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Not understanding why the issue wouldn't be investigated before renting or buying.
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Old 10-08-2020, 04:09 PM   #13
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Not understanding why the issue wouldn't be investigated before renting or buying.
There is a lot to think about when you are trying to move to a new place. I can easily see that particular issue not being on the radar. Anyway, how about we help him solve his problem instead of just chastising him for having it?
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Old 10-08-2020, 04:20 PM   #14
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There is a lot to think about when you are trying to move to a new place. I can easily see that particular issue not being on the radar. Anyway, how about we help him solve his problem instead of just chastising him for having it?
Right cause the OP should have known he was going to get sandwiched between a post and big suv...I wonder if the building has a vehicle size guideline? How does the person in the SUV get out when they have cars parked on both sides? I'm assuming the SUV isn't actually encroaching on the other parking spot. Have you ever noticed how narrow some retail outlets make their parking lot lines?
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Old 10-08-2020, 04:27 PM   #15
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There is a lot to think about when you are trying to move to a new place. I can easily see that particular issue not being on the radar. Anyway, how about we help him solve his problem instead of just chastising him for having it?
I spent all of about 25 minutes inside the home I just bought. No time for a 2nd look. The offer was accepted about 24 hours later.

Later I drove through the alley & noticed how cramped the cars were in the garage. I looked back at the listing to get the garage dimensions. My Volvo is 182.9 inches. I also noticed the HO Highlander fit in. The Highlander is longer than my car. So it "should" fit. It does explain why i see so many cars on the street. 2 cars don't fit in a 2 car garage

Literally no time to spend a lot of time horsing around with details
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Old 10-08-2020, 05:16 PM   #16
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Same problem when I bought my Chicago condo. There was no way my Texas-bought Chevy Tahoe would come close to fitting in the shared 2-car garage. I parked on the street for 2 days and then traded in on a low-end Camry. Even with the Camry, I kept hitting the side of the wall now and then. I didn’t see any sense in fixing the damage since I was likely to hit the wall again. After 5 years, I sold the condo and moved back to Dallas. Then Traded in the Camry, dents and scratches and all, on a big old pickup truck.
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Old 10-08-2020, 06:12 PM   #17
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three steps I'd try before ever considering a different car:

Find the neighbor who owns the SUV and become their new best friend. Talk to them about your concerns (framed as "that one of us might ding the other")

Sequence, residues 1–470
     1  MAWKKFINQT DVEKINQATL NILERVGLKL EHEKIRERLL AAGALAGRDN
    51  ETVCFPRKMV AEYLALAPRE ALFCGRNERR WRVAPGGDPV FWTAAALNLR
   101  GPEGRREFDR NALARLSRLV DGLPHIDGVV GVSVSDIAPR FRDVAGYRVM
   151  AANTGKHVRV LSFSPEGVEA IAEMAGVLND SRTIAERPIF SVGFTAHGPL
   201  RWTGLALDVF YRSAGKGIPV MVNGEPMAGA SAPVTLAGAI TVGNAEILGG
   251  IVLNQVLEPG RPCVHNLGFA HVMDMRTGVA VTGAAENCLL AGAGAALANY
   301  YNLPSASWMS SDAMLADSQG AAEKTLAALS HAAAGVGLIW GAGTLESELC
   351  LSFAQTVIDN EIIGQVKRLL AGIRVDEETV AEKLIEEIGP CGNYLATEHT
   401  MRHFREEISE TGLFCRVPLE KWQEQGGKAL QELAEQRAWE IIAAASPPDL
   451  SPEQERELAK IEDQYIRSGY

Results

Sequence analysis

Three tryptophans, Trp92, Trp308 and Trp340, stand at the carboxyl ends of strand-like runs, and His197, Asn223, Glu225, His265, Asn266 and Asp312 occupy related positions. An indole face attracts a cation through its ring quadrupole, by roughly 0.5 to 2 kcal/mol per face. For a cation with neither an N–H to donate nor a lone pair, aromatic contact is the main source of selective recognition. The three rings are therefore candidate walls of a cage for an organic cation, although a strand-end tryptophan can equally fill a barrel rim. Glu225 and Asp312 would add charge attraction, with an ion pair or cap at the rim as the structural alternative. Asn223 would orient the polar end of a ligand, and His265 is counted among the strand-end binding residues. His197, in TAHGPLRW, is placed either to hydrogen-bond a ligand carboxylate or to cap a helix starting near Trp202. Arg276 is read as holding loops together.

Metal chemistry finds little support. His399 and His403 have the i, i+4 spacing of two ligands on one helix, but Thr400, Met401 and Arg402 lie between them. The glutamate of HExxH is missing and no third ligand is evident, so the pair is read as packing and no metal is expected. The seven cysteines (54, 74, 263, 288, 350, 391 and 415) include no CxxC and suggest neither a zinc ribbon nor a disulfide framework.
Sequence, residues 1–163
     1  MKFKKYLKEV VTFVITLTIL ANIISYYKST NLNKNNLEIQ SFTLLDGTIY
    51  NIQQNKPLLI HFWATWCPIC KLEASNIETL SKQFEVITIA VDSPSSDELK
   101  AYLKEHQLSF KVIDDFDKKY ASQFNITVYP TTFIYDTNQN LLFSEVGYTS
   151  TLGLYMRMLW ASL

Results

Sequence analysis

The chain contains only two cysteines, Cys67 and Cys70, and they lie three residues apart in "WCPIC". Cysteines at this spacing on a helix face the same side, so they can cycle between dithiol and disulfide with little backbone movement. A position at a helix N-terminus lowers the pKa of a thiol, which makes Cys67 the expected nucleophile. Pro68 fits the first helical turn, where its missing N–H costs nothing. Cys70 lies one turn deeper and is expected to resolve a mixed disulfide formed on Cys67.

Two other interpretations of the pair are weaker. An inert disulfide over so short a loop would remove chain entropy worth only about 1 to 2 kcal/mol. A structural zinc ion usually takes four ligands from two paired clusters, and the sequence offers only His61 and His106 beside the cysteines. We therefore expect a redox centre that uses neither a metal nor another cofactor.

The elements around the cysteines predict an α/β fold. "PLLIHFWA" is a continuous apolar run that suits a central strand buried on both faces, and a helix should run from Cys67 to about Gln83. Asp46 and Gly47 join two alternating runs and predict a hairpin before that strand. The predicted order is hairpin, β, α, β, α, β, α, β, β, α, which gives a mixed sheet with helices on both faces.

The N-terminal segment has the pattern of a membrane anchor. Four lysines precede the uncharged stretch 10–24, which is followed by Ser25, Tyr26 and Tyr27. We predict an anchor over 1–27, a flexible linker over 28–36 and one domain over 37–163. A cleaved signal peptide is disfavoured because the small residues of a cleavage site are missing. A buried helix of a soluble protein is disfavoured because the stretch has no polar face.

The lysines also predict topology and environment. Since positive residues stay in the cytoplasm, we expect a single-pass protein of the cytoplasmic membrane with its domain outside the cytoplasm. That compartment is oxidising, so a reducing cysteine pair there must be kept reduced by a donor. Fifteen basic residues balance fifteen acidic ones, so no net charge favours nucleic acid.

Talk to building managers about another space assignment

Park in guest/other spots and consider the time walking worth the peace of mind
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Old 10-08-2020, 06:19 PM   #18
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Tight parking is a real issue.

When I was preggers with my youngest, I ran into issues of being parked in to the point I couldn't get into the car at the end of the day through the driver's side... my pregnant belly wouldn't fit through the skinny opening. I had an explorer at the time and when it happened, would crawl in from the back of the car. When not pregnant I could twist sideways and squirm in.

I would buy door guards for the other driver (and yourself)... We have enough room in our garage for our two cars - but we still have them on the cars, in case a teenager isn't paying attention and flings the door open.

This is what we got:

https://www.amazon.com/Protectors-Gu...s%2C228&sr=8-5
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Old 10-08-2020, 08:27 PM   #19
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Well, as I see it you have 3 choices:

1) Sell the car and buy a smaller one,
2) Move to an apartment with a bigger parking place, or
3) Grin and bear it.

I'd probably go for (1), and consider the loss as the cost of gaining experience in such difficulties.

Next time, I'd suggest measuring your parking space and your car before moving. That's part of the decision making process.
Inversely, when buying a car, always drive it to where you would park it for your very first test drive. Just make sure the car salesman isn't along for the ride if you live in a nice hood.

I always make sure the truck fits, and I use a tape measure to measure these things.
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Old 10-09-2020, 03:21 AM   #20
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+1. Frankly, I have made much bigger mistakes due to moving/selling/buying stress.

For OP, I second Aerides' suggestions, as they are what I would try in your situation. I hope this is the only fly in the ointment and that you love your apartment.

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There is a lot to think about when you are trying to move to a new place. I can easily see that particular issue not being on the radar. Anyway, how about we help him solve his problem instead of just chastising him for having it?